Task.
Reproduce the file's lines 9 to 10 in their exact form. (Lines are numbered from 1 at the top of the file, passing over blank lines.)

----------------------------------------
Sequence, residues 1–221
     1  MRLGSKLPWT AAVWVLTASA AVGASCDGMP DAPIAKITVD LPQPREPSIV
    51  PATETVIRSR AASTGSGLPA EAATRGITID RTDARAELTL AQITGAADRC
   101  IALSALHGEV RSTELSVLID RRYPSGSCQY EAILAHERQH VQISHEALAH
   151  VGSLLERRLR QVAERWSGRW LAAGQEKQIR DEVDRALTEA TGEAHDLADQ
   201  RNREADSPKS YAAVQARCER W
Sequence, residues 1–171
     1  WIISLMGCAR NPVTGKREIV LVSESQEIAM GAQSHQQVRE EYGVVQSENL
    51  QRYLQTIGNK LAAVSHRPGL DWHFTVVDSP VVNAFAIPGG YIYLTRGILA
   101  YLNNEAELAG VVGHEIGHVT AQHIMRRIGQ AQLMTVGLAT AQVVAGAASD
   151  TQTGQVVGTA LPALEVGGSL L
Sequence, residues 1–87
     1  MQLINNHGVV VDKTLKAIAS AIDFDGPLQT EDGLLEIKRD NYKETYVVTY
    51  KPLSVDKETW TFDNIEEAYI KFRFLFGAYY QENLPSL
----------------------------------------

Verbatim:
    51  QRYLQTIGNK LAAVSHRPGL DWHFTVVDSP VVNAFAIPGG YIYLTRGILA
   101  YLNNEAELAG VVGHEIGHVT AQHIMRRIGQ AQLMTVGLAT AQVVAGAASD